Thursday, 28 May 2009


Northern Ireland is where I was born and where I lived till I was almost six. Though I was very young, I do remember a few things, though I must attribute the strength of these memories to home-videos and visits.

I remember being at the beach, building sand castles under cloudy skies. I remember circling round-abouts with Uncle Ian till we were nearly sick. I remember feeding pigeons and swinging on swings. And perhaps my strongest memory is Irish dancing all around the house. (I still sometimes do this.)

To this day I love being by the ocean, especially when the skies are gray, and I still absolutely love to swing. I fondly regard pigeons and would circle round-abouts if there were any here.

All this to say, I have a thought that I would like to think through on paper. And so paper, please be patient with me.

“And if you should become a stranger, you know that that would make me more than sad.” This is a song about Scotland, and it has made me cry more than once before. And then it has made me think, more than twice before.

You see, I have grown up in a very Northern Irish setting, even within the United States. We sort of speak a different language at home. We love our tea, enjoy all sorts of craic (our term for good fun), and we treasure our sweets and biscuits (candy and cookies, for all you Americans). I’ve grown up blasting Irish music in the car, instead of the latest pop band. And I’ve listened to, and at times joined, when I’m brave enough, countless ‘lively conversations’ (that to the American would appear as quite the debate) about the politics of the country to the operations of the church there. I’ve always quite preferred their sense of humour and feel as though I could live on tea and chocolate bars. I invite a ‘lively conversation’ any day and wouldn’t mind getting my accent back.

At the same time though, I am very much so American, and am the first to say that I have loved living here, loved much about the people, and loved many people. I have immensely enjoyed the opportunities and outlook here, and am extremely thankful that I have had the privilege of spending most of my life here. And probably will spend most of the rest of my life here, if God deems.

But still, there is that longing in my soul, for the Emerald country. I know a bit of it, for a part of my life was there. And I know much of it from visiting and visitors, and my parents of course. But there is still so much I don’t know, that I crave to discover.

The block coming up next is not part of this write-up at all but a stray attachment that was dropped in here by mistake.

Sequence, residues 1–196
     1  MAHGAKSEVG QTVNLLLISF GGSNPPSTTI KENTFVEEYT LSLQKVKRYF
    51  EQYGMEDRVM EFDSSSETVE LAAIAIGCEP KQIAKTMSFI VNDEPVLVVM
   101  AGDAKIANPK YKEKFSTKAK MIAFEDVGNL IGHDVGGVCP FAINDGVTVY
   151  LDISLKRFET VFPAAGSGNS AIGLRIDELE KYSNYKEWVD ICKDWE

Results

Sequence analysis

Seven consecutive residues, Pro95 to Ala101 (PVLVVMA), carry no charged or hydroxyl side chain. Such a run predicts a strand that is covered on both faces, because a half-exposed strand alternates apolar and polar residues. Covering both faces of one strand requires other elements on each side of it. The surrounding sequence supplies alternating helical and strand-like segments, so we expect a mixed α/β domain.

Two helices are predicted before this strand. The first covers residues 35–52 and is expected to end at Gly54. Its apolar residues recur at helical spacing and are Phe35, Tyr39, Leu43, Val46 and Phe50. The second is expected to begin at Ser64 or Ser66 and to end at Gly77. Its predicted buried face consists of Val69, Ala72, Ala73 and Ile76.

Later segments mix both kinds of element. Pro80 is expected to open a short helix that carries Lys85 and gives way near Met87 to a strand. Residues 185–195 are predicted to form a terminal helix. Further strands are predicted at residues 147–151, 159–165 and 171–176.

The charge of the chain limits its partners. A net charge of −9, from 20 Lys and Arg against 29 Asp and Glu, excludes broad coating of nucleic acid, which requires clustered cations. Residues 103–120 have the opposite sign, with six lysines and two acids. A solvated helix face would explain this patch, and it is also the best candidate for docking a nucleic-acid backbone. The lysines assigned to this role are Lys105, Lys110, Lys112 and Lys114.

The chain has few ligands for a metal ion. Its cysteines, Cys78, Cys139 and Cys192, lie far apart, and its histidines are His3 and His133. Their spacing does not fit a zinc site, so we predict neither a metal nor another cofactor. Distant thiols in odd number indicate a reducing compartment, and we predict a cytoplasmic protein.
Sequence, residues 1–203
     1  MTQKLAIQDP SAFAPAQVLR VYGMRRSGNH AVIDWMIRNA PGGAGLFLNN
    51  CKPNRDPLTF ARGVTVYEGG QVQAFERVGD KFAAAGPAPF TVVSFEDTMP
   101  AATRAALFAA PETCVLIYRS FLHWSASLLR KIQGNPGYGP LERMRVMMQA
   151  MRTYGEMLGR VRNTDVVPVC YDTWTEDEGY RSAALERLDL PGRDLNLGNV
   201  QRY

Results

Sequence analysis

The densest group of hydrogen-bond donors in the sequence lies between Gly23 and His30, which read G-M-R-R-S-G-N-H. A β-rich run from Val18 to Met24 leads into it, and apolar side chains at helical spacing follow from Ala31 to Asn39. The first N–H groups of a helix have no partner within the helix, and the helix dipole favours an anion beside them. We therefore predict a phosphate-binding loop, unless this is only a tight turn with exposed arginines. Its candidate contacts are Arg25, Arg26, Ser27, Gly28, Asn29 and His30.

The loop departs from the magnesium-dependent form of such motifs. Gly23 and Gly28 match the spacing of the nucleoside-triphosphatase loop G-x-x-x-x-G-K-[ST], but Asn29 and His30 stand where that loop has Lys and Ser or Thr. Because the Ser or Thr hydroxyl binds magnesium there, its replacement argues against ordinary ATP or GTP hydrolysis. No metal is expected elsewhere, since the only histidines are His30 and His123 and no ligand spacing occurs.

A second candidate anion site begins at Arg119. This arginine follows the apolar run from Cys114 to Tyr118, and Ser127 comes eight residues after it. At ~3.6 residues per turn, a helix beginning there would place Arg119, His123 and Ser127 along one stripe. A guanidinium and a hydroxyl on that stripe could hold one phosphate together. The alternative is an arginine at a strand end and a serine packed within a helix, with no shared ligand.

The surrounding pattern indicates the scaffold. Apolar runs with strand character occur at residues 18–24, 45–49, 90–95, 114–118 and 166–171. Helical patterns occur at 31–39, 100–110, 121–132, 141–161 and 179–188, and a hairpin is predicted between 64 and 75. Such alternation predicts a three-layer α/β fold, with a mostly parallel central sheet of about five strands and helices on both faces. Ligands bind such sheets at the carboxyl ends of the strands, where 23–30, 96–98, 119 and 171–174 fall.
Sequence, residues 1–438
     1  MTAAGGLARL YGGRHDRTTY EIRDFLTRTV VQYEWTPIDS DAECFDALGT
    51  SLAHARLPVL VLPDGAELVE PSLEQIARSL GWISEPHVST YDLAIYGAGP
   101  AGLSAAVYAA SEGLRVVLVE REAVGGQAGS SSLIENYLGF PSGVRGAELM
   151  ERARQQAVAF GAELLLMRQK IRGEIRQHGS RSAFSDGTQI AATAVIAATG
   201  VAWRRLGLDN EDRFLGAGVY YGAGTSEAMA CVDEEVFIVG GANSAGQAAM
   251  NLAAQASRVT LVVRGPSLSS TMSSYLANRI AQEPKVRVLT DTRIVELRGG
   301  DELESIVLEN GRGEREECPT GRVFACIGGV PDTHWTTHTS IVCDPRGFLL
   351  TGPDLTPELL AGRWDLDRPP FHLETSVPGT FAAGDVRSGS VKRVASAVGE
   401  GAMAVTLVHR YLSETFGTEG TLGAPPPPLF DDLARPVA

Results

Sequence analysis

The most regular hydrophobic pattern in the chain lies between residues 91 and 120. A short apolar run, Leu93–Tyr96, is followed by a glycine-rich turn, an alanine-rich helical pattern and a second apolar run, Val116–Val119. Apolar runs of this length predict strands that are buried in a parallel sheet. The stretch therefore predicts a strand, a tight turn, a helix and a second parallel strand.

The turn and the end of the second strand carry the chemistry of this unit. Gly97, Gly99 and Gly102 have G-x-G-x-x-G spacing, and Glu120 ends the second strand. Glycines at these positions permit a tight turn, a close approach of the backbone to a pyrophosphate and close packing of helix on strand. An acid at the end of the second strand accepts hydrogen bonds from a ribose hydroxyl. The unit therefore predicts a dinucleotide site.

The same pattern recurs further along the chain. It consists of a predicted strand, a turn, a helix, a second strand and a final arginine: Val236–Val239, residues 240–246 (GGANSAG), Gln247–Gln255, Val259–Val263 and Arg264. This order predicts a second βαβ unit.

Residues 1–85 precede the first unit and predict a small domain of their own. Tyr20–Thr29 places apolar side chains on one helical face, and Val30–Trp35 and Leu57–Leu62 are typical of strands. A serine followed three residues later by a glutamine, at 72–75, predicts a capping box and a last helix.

At this point, I would call Northern Ireland two things – one of my homes, and an acquaintance, and a very good one at that. And if this acquaintance was to become a stranger, you know, that would make me more than sad.

My hope rather is that perhaps one day, I can call her a true friend, after having spent precious time with her, getting to really know her and enjoying the wonderful things that I have heard about her and gotten a taste of from her dear friends.

I miss something, I think, because I have missed many things.
Just to name a few- growing up in their churches and schools and learning their culture by living in the depths of it.

But then, of course, I am glad I have missed those things because I have enjoyed so very much here. And I would never change that. Never. I trust that God knew best and moved us according to His perfect clock and plan.

Still, a good song from home makes me miss her.

Tuesday, 26 May 2009

backyard bliss

I had chocolate with my cereal this morning. Should I be concerned?

Twas a glorious yesterday and today. I (finally!) went to Target and developed my photos from a semester in Israel and Egypt. I must have stood at the Kodak picture machine for a solid hour, sorting through hundreds and hundreds of shots. Let the scrapbooking begin!!

I would define today as: backyard bliss. I spent my whole afternoon with two very sweet wee girls. Stella is five and Coco turns three tomorrow (about which she is so excited that she burst into singing happy birthday to herself a day early). We coloured. We blew (is that really the past tense of blow?) bubbles till we nearly passed out. We bounced on the trampoline until we were all bounced out. We sipped apricot tea. (A five year old who drinks tea!! I love it.) And thanks to Stella, each of my toes is painted a different colour, ‘like the rainbow’ she says. And all the while, we listened to the birds because ‘they all sing a different song’.

I do believe that we have a lot to learn from children. Simplicity is a beautiful thing.